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The high end market will always survive because it's a targeted luxury brand, but when you start talking about watches for a couple of hundred or less, I suspect that smart watches from the likes if Apple will kill em off in a decade or two, if they apply the technology ways that people, young people especially require, same thing applies to newspapers, these midrange to low end watches will be a thing of the past, or a least irrelevant in the not too distant future.

Edited by MrsWoodsrules

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I recently asked an Omega Service Centre about a service for my 1958 Seamaster. Because it's considered a very old calibre they want £620 before they start. On top of that there's no guarantee that they have all the parts to fix it if it needs spares. A more recent Speedmaster Professional will cost me a mere £440 + parts by comparison.

 

Omega/The Swatch Group are also about to stop supplying spare parts of any type to non-accredited repairers meaning that if you've bought an Omega of any description in the last 150 years or so it more or less has to be sent back to Omega or one of their agents to be serviced or repaired at a rather inflated cost.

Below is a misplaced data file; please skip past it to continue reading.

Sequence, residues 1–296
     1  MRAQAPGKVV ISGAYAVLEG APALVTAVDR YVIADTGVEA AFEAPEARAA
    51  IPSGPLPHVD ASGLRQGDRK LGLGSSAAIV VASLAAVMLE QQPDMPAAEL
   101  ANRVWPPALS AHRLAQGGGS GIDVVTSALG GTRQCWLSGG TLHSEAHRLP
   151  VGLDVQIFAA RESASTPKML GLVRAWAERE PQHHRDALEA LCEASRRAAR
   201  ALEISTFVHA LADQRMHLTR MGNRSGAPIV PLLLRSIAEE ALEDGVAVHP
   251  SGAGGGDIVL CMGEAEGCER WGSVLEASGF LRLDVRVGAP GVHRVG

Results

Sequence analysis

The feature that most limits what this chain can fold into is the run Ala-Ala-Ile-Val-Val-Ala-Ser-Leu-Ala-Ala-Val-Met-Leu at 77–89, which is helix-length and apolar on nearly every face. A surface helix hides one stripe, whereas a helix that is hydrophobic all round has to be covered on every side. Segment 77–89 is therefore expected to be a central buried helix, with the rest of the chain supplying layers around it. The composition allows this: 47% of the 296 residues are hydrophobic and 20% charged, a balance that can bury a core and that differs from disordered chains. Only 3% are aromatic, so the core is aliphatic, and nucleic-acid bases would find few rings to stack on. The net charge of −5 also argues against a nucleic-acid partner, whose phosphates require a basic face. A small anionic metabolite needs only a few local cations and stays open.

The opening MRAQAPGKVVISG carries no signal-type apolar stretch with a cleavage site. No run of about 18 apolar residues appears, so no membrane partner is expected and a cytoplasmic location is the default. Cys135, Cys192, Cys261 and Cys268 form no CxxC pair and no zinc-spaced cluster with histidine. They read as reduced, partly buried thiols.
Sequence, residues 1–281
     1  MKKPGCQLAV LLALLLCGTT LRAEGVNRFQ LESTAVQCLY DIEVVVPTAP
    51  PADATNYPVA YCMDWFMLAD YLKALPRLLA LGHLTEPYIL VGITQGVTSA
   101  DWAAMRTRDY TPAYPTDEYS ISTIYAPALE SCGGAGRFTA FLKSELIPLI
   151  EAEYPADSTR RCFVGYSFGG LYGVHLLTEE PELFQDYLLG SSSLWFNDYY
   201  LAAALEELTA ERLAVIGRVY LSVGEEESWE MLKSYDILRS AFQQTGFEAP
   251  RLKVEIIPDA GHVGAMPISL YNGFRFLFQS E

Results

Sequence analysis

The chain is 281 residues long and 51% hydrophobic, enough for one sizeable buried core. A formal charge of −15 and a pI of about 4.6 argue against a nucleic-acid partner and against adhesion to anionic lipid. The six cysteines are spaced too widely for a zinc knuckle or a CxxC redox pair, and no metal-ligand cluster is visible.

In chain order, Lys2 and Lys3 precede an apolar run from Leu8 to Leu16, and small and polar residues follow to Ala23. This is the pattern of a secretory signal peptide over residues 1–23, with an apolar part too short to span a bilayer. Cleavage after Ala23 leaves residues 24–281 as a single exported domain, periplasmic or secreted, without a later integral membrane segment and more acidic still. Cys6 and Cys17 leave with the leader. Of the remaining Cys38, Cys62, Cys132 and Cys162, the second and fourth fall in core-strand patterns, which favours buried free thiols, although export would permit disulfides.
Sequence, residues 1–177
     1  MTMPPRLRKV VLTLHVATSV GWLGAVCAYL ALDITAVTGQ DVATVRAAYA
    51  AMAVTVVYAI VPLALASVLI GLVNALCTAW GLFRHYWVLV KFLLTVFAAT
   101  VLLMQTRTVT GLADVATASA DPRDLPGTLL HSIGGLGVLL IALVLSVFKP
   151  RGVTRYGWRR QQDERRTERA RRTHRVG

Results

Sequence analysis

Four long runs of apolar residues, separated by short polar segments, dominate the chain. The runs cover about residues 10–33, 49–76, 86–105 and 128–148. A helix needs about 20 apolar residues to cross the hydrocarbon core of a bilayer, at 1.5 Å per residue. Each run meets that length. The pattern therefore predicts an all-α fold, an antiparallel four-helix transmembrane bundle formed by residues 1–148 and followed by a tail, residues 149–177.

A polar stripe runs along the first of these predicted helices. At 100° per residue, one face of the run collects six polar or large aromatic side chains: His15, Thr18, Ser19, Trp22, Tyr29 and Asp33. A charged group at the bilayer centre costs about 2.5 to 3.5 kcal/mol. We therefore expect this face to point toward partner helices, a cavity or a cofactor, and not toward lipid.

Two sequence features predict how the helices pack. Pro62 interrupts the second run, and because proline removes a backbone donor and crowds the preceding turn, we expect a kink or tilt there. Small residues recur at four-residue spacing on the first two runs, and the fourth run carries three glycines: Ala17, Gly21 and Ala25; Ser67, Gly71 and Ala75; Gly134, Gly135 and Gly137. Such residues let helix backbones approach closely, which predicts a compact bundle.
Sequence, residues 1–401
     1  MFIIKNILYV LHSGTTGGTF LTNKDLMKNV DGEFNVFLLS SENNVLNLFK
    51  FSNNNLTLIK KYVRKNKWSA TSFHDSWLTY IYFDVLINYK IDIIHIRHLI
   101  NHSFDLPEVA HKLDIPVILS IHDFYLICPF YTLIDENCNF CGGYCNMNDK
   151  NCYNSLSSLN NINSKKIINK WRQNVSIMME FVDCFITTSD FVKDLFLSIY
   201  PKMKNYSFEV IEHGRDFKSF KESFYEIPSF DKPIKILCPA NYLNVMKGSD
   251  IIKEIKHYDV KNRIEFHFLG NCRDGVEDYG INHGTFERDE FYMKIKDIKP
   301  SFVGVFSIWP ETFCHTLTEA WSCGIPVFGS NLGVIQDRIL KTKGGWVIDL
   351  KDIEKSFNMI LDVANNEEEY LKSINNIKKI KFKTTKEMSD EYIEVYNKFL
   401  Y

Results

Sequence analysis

That's interesting.  I've got a Seamaster Quartz that I bought back in 1982, tucked away in a drawer.  I believe it's in working order, just needs a new battery.  I think the last time I had the battery changed it cost me a quid on a market stall.

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I swear by Citizen Eco-Drives.  Got three at the moment.  Paid between £100 and £150 for each.  Keep good time, don't need winding up or have batteries that need changing regularly.  Just need a bit of light.

Bit heavy & bulky 4 my skinny wrists ! 

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I also have a 1951 omega seamaster calendar with a black face, been thinking of selling it on as I don't wear it

and as above just stored in a drawer, but after hearing servicing costs I think that's made my mind up

 

anyone interested? open to trade for records lol

 

 

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I bought my Submariner 18 years ago in Amsterdam for 1800 Euros and it`s never been serviced. I can get it done for free when I get round to it, a nephews gf  offered to do it. I have an Eco-Drive, they`re brilliant.....and a few other auto watches.

I prefer the automatics....nice and chunky on the wrist.

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Discerning people will always want a mechanical watch, it's like owning a classic car or a white demo record, Rolex and Omega bought new, are so overpriced due to the overheads of plush jewellers shops, sponsorship of Wimbledon, F1 etc. I must admit, I love Swiss mechanical watches and can spot another watchophile from across the public bar, and a fake more easily. Christopher Ward (London) makes and sells fantastic watches with the same Swiss movements as the big boys, Well worth a look on-line if you want a real Swiss mechanical watch. This ain't an advert, just personal experience.